Even our anatomy lab, where we primarily work with donors (not cadavers – donors), it’s stressed to remember the person behind whatever facet we’re studying.  We’re told the names and ages of the donors we work with, and other confidential information, to remind us that even though they’re deceased, they deserve as much respect as a living patient would.  We’re not supposed to distance ourselves from what we’re doing and dehumanize our donors, something I’ve heard is a common aspect of anatomy lab in med school back home.  It’s one of the main differences I treasure most about the class style here.

The other is a more widely seen facet – the lack of competition.  Our first day here, we were told that our goal shouldn’t be to outshine one another.  Instead, we should pool our resources and the many different experiences that have brought us to this point to better one another.  Grades are given based on the amount of knowledge and effort demonstrated, not because we fell on a given section of the bell curve.  So we share our knowledge and study tips freely, both in case study work and outside of it, because we have nothing driving us to focus only on ourselves.. As someone who prefers cooperative work and hates speaking up, for fear of drowning out others, it’s quite refreshing.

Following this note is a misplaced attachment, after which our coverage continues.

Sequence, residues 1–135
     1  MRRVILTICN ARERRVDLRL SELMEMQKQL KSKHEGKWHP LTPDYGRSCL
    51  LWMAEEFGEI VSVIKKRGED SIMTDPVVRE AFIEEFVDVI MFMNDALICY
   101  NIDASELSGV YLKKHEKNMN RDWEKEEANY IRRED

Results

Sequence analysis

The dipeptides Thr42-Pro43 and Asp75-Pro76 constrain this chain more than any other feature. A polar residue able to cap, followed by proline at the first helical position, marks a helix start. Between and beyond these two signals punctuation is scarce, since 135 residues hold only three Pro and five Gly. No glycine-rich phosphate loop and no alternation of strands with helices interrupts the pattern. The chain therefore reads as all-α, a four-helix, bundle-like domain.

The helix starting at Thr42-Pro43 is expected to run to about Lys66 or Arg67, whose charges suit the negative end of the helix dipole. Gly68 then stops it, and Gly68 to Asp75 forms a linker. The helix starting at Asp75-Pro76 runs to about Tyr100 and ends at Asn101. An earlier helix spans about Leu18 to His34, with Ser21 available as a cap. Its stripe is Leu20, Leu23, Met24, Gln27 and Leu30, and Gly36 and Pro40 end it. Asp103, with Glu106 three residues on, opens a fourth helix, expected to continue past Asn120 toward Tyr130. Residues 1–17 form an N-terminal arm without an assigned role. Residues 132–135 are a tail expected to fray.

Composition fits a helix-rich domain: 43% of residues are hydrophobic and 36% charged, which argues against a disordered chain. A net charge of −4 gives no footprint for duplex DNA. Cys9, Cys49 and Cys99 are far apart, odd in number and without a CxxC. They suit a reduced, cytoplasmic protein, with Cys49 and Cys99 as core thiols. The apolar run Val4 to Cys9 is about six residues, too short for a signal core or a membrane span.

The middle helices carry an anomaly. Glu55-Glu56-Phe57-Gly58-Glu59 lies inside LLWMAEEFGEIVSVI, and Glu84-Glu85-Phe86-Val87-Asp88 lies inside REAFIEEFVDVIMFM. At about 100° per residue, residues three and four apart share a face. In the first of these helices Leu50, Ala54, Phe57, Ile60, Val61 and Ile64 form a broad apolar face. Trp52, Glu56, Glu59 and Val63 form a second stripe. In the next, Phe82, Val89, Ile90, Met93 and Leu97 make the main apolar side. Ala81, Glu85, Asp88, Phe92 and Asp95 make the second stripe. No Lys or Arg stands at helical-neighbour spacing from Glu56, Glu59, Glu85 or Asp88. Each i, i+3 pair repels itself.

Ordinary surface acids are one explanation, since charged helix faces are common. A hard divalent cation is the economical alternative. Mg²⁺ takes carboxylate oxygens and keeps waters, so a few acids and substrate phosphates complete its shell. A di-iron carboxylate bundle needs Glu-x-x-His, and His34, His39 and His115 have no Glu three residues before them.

Sadly, two things I haven’t had much time for in this month are writing and sight seeing.  I’m hoping to fix both of those soon, what with Nanowrimo and a few short breaks coming up in a few weeks.

I walk almost 5 miles roundtrip to class each day, passing Christ Church and Dublin Castle as I go.  I know there’s more in the area besides just those two places, areas I do want to see, so it seems a shame to walk past them for weeks on end without taking the time to truly enjoy them.  Maybe this weekend, after our first anatomy exam (just an hour or so until that happens!), I’ll make that time.


Apologies for such a long update with no pictures!  I’m going to make an effort to update more regularly and balance these out again.  Once I have a bit more time I’ll try to share some about my one excursion so far, a day at the Phoenix Park Zoo with friends, and include lots of pictures.


Until then,

A New Chapter Looms

Hey everyone!  I’m sorry for the lack of updates here, but my life has turned completely upside down.

If you saw my last post, you know things weren’t going so well for my family back in March.  However, something as far removed from that sadness as you can possibly imagine happened in April:  I was accepted into medical school for the 2017 entering class.

But not here in the United States – I’ve been accepted at Trinity College in Dublin, Ireland.

Even almost a full month later, my head is in a tailspin.  I’d applied to Trinity after stumbling upon their admissions requirements back in February, had my application completed by March 31st, and by April 10th, received the news.

Now my life’s a whirl wind of preparations and paperwork.  There’s so much I want to do between now and September, when I’ll be Ireland bound, and it feels like I don’t have near the time I need to get it all done.  But I know somehow I’ll make it.  Somehow I’ll finish everything up and start off on this crazy adventure of a lifetime.